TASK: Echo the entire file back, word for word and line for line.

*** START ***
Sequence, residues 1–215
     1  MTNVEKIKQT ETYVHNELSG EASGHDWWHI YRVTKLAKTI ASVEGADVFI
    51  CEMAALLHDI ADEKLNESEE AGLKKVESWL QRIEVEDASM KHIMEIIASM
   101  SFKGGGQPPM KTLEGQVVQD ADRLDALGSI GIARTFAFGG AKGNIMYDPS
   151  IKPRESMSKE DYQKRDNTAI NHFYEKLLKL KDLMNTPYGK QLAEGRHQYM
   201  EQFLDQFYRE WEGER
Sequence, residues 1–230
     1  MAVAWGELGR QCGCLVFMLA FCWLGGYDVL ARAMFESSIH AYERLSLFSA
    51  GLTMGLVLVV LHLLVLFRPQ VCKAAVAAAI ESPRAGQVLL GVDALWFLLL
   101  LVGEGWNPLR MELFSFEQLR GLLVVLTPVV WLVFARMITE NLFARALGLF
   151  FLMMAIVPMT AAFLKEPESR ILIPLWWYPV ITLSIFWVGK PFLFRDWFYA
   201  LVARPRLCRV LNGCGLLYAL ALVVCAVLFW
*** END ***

Sequence, residues 1–215
     1  MTNVEKIKQT ETYVHNELSG EASGHDWWHI YRVTKLAKTI ASVEGADVFI
    51  CEMAALLHDI ADEKLNESEE AGLKKVESWL QRIEVEDASM KHIMEIIASM
   101  SFKGGGQPPM KTLEGQVVQD ADRLDALGSI GIARTFAFGG AKGNIMYDPS
   151  IKPRESMSKE DYQKRDNTAI NHFYEKLLKL KDLMNTPYGK QLAEGRHQYM
   201  EQFLDQFYRE WEGER
Sequence, residues 1–230
     1  MAVAWGELGR QCGCLVFMLA FCWLGGYDVL ARAMFESSIH AYERLSLFSA
    51  GLTMGLVLVV LHLLVLFRPQ VCKAAVAAAI ESPRAGQVLL GVDALWFLLL
   101  LVGEGWNPLR MELFSFEQLR GLLVVLTPVV WLVFARMITE NLFARALGLF
   151  FLMMAIVPMT AAFLKEPESR ILIPLWWYPV ITLSIFWVGK PFLFRDWFYA
   201  LVARPRLCRV LNGCGLLYAL ALVVCAVLFW